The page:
«THE GULAG ARCHIPELAGO Also by Aleksandr I. Solzhenitsyn The Nobel Lecture on Literature August 1914 A Lenten Letter to Pimen, Patriarch of All Russia ...»
What legal expert, what criminal historian, will provide us with verified statistics for those 1937-1938 executions? Where is that Special Archive we might be able to penetrate in order to read the figures? There is none. There is none and. there never will be any. Therefore we dare report only those figures mentioned in rumors that were quite fresh in 1939-1940, when they were drifting around under the Butyrki arches, having emanated from the high- and middle-ranking Yezhov men of the NKVD who had been arrested and had passed through those cells not long before. (And they really knew!) The Yezhov men said that during those two years of 1937 and 1938 a half-million "political prisoners" had been shot throughout the Soviet Union, and 480,blatnye-habitual thieves-in addition. (The thieves were all shot under Article 59-3 because they constituted "a basis of Yagoda's power"; and thereby the "ancient and noble companionship of thieves" was pruned back.) How improbable are these figures? Taking into consideration that the mass executions went on not for two full years but only for a year and a half, we would have to assume (under Article 58-in'other words, the politicals alone) an average of 28,000 executions per month in that period. For the whole Soviet Union.
But at how many different locations were executions being carried out? A figure of 150 would be very modest. (There were more, of course. In Pskov alone, the NKVD set up torture and execution chambers in the basements of many churches, in former hermits' cells. And even in 1953 tourists were still not allowed into these churches, on the grounds that "archives" were kept there. The cobwebs hadn't been swept out for ten I 439 The Supreme Measure years at a stretch: those were the "archives" they kept there. And before beginning restoration work on these churches, they had to haul away the bones in them by the truckload.) On the basis of this calculation, an average of six people were shot in the course of one day at each execution site. What's so fantastic about that?
It is even an understatement! (According to other sources, 1,700,000 had been shot by January 1, 1939.) During the years of World War II, the use of capital punishment was occasionally extended for various reasons (as, for example, by the militarization of the railroads), and, at times, was broadened as to method (from April, 1943, on, for example, with the decree on hanging).
All these events delayed to a certain extent the promised full, final, and perpetual repeal of the death penalty. However, the patience and loyalty of our people finally earned them this reward. In May, 1947, Iosif Vissarionovich inspected his new starched dickey in his mirror, liked it, and dictated to the Presidium of the Supreme Soviet the Decree on the Abolition of Capital Punishment in peacetime (replacing it with a new maximum term of twenty-five years--it was a good pretext for introducing the so-called quarter).
But our people are ungrateful, criminal, and incapable of appreciating generosity. Therefore, after the rulers had creaked along and eked out two and a half years without the death penalty, on January 12, 1950, a new decree was published that constituted an about-face: "In view of petitions pouring in from the national republics [the Ukraine?], from the trade unions [oh, those lovely trade unions; they always know what's needed],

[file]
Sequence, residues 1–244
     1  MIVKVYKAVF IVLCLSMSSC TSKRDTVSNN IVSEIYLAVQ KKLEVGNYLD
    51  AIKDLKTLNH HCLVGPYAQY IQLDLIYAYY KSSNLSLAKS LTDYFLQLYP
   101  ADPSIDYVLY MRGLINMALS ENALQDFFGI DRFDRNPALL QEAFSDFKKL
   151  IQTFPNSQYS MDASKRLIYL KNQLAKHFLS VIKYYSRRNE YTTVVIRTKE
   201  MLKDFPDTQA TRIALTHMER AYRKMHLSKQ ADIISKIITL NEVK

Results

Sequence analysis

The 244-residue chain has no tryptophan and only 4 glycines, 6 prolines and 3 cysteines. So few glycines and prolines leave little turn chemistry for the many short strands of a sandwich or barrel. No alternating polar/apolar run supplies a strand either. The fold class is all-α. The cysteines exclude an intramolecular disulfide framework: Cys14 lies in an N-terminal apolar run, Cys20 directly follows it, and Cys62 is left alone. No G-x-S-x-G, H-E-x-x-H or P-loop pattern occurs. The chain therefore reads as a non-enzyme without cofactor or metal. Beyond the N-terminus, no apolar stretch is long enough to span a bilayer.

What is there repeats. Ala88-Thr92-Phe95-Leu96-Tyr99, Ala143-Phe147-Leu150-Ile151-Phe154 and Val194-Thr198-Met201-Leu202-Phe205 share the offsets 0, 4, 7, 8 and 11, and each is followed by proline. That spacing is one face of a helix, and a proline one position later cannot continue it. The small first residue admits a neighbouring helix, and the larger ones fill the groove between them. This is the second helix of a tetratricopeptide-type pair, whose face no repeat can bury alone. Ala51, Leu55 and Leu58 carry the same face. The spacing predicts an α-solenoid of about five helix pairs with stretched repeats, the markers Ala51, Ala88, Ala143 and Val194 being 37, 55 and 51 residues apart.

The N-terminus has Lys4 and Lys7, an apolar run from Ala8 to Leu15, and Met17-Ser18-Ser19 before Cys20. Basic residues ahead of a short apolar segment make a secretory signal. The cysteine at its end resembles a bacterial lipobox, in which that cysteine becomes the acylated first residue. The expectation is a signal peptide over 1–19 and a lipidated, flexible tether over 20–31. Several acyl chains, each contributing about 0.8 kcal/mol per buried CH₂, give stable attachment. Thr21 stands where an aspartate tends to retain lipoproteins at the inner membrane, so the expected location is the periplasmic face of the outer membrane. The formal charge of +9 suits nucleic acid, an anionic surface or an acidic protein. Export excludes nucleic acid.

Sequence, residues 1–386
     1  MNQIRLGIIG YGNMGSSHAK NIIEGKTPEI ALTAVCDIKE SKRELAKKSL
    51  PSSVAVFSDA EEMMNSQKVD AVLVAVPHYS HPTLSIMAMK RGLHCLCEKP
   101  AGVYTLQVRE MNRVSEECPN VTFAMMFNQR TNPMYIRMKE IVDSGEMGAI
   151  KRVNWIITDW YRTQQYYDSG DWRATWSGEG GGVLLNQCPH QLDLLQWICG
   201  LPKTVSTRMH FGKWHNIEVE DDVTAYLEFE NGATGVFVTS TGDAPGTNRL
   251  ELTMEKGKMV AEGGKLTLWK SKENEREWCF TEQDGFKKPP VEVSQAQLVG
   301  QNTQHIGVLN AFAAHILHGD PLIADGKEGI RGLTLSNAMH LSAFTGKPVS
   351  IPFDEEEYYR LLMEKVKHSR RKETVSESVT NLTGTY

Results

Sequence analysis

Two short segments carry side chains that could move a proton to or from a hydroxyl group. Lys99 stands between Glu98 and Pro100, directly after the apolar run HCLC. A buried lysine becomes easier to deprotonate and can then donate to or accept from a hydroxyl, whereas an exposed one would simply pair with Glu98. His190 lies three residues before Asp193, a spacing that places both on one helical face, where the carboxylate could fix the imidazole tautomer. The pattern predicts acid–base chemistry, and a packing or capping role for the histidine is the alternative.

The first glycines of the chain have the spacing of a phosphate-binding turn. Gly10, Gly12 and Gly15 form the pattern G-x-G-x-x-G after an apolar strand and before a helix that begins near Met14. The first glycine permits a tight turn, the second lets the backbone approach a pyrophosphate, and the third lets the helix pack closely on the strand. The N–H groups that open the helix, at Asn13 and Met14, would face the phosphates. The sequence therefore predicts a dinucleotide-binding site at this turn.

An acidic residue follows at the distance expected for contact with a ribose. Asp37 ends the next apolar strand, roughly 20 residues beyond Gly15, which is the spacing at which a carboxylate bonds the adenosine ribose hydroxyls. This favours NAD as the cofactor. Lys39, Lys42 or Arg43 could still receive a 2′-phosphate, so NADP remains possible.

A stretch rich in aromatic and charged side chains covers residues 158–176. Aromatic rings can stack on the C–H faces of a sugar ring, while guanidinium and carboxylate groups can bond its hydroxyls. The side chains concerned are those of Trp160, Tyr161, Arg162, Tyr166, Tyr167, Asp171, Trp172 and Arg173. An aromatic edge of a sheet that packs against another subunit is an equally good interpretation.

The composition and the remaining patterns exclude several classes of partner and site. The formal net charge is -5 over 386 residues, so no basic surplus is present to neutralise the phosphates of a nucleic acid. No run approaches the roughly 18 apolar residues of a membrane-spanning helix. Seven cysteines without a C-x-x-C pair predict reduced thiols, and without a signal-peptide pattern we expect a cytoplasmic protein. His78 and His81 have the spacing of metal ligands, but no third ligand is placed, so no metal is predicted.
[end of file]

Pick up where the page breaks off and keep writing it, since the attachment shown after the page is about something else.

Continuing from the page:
from peasant organizations [this was dictated by a sleepwalker:
the Gracious Sovereign had stomped to death all peasant organizations way back in the Year of the Great Turning Point], and also from cultural leaders [now, that is quite likely]," capital punishment was restored for a conglomeration of "traitors of the Motherland, spies, and subversives-diversionists." (And, of course, they forgot to repeal the quarter, the twenty-five-year sentence, which remained in force.) A-nd once this return to our familiar friend, to our beheading blade, had begun, things went further with no effort at all: in 1954, for premeditated murder; in May, 1961, for theft of state I 440 THE GULAG ARCHIPELAGO property, and counterfeiting, and terrorism in places of imprisonment (this was directed especially at prisoners who killed informers and terrorized the camp administration); in July, 1961, for violating the rules governing foreign currency transactions;
in February, 1962, for threatening the lives of (shaking a fist at) policemen or Communist vigilantes, the so-called "druzhinniki";
then for rape; and immediately thereafter for bribery.
But all of this is simply temporary-until complete abolition.
And that's how it's described today toO. 7 And so it turns out that Russia managed longest of all without capital punishment in the reign of the Empress Elizabeth Petrovna.
• In our happy, blind existence, we picture condemned men as a few ill-fated, solitary individuals. We instinctively believe that we could never end up on death row, that it would take an outstanding career if not heinous guilt for that to happen. A great deal has still to be shaken up inside our heads for us to get the real picture: a mass of the most ordinary, average, gray people have languished in death cells for the most ordinary, everyday misdemeanors, and, although some were lucky and had their death sentences commuted, which was purely a matter of chance, they very often got the super (which is what the prisoners called "the supreme measure," since they hate lofty words and manage somehow to give everything a nickname that is both crude and short).
The agronomist of a District Agricultural Department got a death sentence for his mistaken analysis of collective farm grain!
(Maybe it was because his analysis wasn't what his chiefs wanted from him?) That was in 1937.
Melnikov, the chairman of a handicraft artel that made spools for thread, was sentenced to death because a spark from a steam engine in his artel had caused a fire! That was in 1937.
(True, his death sentence was commuted to a"tenner.") 7. "Osnovy Ugolovnogo Zakonodatelstva SSSR" (''Fundamental Principles of Criminal Legislation of the U.S.S.R."), Article 22, in Vedomosti Verkhovnogo Soveta SSSR (Bulletin of the Supreme Soviet of the U.s.S.R.), 1959, No.1.